Russia's Supreme Court effectively ruled last week that the Soviet Union did not invade Poland in 1939.
And saying that they did -- which is an indisputable historical fact -- constitutes a crime.
The Supreme Court upheld the conviction of Perm-based blogger Vladimir Luzgin for reposting a text on social media which noted that both Nazi Germany and the Soviet Union invaded Poland in September 1939.
Luzgin was convicted in July on charges of "rehabilitating Nazism" and "spreading false information about the activities of the Soviet Union during World War II."
And remarkably -- or, sadly, maybe not so remarkably -- the dean of the history faculty of the Perm Humanitarian-Pedagogical University testified that it was false to claim that the Soviet Union did, indeed, invade Poland.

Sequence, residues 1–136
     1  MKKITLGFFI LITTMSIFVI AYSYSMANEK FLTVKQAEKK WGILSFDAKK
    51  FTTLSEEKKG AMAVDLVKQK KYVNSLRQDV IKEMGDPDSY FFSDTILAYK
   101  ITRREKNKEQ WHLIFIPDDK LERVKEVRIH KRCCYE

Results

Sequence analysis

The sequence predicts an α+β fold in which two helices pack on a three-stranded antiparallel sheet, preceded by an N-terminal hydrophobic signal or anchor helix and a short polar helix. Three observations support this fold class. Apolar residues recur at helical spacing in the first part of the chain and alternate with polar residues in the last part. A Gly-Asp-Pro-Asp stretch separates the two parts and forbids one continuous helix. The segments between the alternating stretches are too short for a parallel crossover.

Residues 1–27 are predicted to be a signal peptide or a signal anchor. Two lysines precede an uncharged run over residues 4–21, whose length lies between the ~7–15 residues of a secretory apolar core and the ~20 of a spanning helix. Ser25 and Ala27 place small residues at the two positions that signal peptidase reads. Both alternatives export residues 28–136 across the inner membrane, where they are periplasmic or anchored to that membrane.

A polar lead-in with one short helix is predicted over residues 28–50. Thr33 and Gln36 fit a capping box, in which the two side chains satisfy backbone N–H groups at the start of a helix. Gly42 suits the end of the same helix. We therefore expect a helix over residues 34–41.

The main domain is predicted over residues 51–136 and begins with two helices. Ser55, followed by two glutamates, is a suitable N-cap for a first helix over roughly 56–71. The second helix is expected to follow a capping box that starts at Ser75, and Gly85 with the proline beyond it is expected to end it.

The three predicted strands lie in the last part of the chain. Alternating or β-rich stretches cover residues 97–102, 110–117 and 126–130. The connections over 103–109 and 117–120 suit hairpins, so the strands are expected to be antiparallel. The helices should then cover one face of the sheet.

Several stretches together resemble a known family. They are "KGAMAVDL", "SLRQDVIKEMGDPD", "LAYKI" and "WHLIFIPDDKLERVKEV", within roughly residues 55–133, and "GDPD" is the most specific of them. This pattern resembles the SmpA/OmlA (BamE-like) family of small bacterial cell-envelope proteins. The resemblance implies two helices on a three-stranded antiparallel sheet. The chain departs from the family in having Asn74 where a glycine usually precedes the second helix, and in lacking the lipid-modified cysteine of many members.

You. Really. Just. Can't. Make. This. Stuff. Up!
Every serious historian in the world knows that the Soviet Union invaded Poland from the east on September 17, 1939, just weeks after Nazi Germany invaded from the West.
And every serious historian in the world knows that this was the result of the secret protocols of the Molotov-Ribbentrop Pact, in which Adolf Hitler and Josef Stalin agreed to partition Poland and divide up Europe.
But in the alternative universe that is Vladimir Putin's Russia, all this never happened.
Which is the latest example of how, for the Kremlin, history isn't history at all.
It's mythology. It's fantasy. And it's scripture.